Justice Not Jails is a community coalition fighting a proposed sales tax that would fund a new county jail
Photo: Text that reads, “Vote no on Spokane Ballot Measure No. 1” on a black background and a gold silhouette of Spokane County on a map of Washington with surrounding counties in gray.
Inatai Foundation recently contributed $240,500 to the community-based campaign Justice Not Jails to defeat Spokane County Measure No. 1. This harmful measure seeks to expand the county’s jail system in direct opposition to public will and proven research on more effective, equitable solutions. Not only would Measure No. 1 fail in its promise to deliver a safer, more just Spokane County, it would widen inequities within the community.
Like all Inatai’s work, our support of Justice Not Jails is inspired by the bold vision of community leaders who dare to imagine and fight for a different future. For years, grantee organizations and community leaders have fought against attempts to construct a new jail. The people of Spokane want a different world for future generations, where criminalization and institutionalization are not the default solutions. This is reflected in recent polling that shows that most residents oppose an additional tax to fund a new jail. Ignoring these voices, some have stoked fear and invented false claims about the need for the massive jail expansion proposed with Measure No. 1. We view the work of Justice Not Jails as an important effort of community power-building in service to broader systems change in Spokane County.
Increased criminalization has never been about justice. If passed, Measure No. 1 would reinforce a system that continues to devastate communities of color and people living with low incomes in Spokane. Government leaders who support the new jail claim the measure—a new sales tax that would generate approximately $1.7 billion over 30 years—would be used for “criminal justice, public safety, or behavioral health purposes.” In reality, the county’s only stated plan for the revenue is an expansion of a jail system where the majority of people being held are pre-trial—meaning, they have not been convicted of any crime and are stuck there because they cannot afford bail. There is no justice in this.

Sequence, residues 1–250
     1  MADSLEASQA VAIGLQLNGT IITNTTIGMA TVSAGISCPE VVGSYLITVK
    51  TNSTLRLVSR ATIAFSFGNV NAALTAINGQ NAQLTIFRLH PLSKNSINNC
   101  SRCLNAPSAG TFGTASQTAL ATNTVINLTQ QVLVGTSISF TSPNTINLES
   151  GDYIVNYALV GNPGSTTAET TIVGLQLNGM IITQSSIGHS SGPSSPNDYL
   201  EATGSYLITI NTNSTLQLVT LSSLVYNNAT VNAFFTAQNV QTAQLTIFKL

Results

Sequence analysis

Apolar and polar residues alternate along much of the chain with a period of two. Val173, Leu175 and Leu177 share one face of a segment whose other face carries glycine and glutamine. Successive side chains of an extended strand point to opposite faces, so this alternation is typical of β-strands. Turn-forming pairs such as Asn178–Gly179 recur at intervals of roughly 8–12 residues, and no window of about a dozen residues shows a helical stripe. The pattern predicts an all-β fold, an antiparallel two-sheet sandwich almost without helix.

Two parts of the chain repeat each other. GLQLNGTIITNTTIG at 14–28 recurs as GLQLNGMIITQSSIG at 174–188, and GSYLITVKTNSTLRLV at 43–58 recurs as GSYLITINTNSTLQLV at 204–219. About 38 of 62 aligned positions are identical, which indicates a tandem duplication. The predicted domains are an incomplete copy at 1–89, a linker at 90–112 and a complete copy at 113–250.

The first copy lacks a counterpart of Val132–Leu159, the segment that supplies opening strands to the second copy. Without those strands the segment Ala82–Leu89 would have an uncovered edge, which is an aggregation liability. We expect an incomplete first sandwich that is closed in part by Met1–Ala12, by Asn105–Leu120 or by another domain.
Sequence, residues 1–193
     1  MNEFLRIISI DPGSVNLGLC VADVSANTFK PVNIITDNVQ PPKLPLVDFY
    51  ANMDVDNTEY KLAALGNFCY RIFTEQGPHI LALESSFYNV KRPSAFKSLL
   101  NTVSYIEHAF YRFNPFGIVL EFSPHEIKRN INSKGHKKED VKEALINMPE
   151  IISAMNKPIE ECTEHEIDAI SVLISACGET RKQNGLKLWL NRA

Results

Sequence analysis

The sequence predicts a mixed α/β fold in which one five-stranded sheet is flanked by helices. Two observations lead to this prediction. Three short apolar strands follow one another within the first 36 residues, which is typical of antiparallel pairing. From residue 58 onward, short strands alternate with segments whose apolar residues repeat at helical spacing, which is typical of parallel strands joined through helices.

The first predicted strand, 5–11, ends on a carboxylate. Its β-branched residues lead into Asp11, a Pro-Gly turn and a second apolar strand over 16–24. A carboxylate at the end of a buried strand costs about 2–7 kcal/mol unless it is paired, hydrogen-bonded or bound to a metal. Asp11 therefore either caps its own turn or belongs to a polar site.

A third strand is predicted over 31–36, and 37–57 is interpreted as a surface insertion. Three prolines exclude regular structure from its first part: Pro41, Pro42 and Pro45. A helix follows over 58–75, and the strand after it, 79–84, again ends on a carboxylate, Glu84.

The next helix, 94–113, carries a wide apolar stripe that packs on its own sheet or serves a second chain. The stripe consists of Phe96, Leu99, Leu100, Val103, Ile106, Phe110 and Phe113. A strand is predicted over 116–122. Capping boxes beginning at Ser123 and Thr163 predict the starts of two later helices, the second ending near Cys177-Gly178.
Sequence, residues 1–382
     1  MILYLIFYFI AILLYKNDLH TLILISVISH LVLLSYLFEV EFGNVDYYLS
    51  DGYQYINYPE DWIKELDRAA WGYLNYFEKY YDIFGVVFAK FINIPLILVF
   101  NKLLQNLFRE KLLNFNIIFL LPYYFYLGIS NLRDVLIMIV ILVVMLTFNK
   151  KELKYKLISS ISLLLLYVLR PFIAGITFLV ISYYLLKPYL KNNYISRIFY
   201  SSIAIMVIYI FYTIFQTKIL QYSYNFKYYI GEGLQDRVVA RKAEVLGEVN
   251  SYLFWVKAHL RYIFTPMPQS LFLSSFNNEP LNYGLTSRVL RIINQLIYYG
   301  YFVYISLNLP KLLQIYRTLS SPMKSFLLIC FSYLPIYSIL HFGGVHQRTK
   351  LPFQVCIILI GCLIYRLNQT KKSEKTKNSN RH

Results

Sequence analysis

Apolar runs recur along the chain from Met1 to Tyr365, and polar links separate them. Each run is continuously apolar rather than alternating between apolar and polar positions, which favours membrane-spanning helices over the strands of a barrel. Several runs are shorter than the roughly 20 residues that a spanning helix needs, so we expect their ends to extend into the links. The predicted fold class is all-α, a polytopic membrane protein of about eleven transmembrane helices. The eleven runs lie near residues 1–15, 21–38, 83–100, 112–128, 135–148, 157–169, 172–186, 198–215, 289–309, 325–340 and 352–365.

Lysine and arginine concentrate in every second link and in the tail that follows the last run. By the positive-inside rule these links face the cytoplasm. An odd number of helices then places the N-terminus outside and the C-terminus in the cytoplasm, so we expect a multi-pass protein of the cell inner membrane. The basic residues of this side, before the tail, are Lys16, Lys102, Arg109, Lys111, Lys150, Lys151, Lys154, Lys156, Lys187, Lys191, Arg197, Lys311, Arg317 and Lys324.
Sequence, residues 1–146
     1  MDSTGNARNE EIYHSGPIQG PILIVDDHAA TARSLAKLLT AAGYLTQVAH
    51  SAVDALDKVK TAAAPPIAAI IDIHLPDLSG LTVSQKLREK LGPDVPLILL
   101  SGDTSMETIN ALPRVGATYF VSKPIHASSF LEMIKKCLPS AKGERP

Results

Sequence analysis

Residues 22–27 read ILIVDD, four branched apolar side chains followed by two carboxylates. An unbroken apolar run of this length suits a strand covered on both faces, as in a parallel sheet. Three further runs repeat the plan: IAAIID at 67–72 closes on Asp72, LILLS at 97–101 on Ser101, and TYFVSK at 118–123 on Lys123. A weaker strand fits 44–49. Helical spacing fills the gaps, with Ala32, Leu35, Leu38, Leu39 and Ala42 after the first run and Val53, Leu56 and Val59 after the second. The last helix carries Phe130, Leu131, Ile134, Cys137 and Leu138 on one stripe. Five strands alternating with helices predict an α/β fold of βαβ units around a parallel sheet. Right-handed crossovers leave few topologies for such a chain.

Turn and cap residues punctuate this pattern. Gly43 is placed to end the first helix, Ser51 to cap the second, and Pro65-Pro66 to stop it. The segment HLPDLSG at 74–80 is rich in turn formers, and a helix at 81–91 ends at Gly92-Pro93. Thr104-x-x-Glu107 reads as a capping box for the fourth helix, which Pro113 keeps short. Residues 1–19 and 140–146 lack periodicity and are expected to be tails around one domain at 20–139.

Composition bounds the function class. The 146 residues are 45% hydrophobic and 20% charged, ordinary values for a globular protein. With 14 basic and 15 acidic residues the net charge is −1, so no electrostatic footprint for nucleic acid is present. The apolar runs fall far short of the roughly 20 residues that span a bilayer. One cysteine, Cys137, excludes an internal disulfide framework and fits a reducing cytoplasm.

Despite the county’s insinuation, a growing local population doesn’t have to mean a growing prison population. The overcrowding in Spokane County jails exists only because the county has chosen to ignore alternatives that would minimize incarceration and prevent crime. These alternatives include methods to reduce poverty, increase access to education, and improve mental health services. Likewise, data clearly shows that there is no link between smaller jail populations and increases in crime. When we dismantle these oppressive systems, we can build a community that cares for everyone, not just those with institutional power.
It’s past time that county officials recognize that the people most impacted by structural inequities have the best solutions for real change. That’s one of the reasons we proudly stand behind Justice Not Jails, whose coalition includes formerly incarcerated individuals and community leaders with lived expertise navigating the inequities at the core of Measure No. 1. Defeating the measure would not only stop the expansion of Spokane County’s harmful carceral system, but it would also create an opportunity to pursue research-backed solutions crafted by and for the community. This is the type of transformation Inatai aspires to by shifting the balance of power to community-rooted organizations.
This November, we encourage you to vote “No” on Measure No. 1. Visit https://www.justicenotjails.vote to learn more about Justice Not Jails and their fight to stop the expansion of Spokane County’s harmful carceral system.